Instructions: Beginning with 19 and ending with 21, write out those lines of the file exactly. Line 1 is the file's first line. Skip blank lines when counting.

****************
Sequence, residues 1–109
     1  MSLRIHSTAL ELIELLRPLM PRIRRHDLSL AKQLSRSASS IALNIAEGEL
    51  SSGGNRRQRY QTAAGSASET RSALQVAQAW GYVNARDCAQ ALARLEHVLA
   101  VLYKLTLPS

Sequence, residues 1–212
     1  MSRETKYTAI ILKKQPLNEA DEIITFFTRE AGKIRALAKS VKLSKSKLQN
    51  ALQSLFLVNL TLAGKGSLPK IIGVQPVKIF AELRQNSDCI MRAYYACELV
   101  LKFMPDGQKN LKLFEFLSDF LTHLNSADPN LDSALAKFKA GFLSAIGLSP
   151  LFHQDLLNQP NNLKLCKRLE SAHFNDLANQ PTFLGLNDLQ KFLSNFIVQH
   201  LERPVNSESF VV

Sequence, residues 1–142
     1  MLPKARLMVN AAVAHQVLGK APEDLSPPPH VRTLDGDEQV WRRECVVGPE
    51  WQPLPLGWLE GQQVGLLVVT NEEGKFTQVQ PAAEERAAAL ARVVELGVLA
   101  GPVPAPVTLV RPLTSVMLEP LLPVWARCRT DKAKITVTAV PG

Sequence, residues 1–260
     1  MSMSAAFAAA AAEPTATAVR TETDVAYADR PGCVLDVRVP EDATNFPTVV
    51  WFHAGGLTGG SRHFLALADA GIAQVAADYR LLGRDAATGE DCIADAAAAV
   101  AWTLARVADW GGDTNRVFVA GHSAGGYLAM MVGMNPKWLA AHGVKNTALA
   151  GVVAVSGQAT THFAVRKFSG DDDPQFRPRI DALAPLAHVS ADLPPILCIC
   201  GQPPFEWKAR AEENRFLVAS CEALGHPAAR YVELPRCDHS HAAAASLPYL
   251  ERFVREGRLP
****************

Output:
   151  GVVAVSGQAT THFAVRKFSG DDDPQFRPRI DALAPLAHVS ADLPPILCIC
   201  GQPPFEWKAR AEENRFLVAS CEALGHPAAR YVELPRCDHS HAAAASLPYL
   251  ERFVREGRLP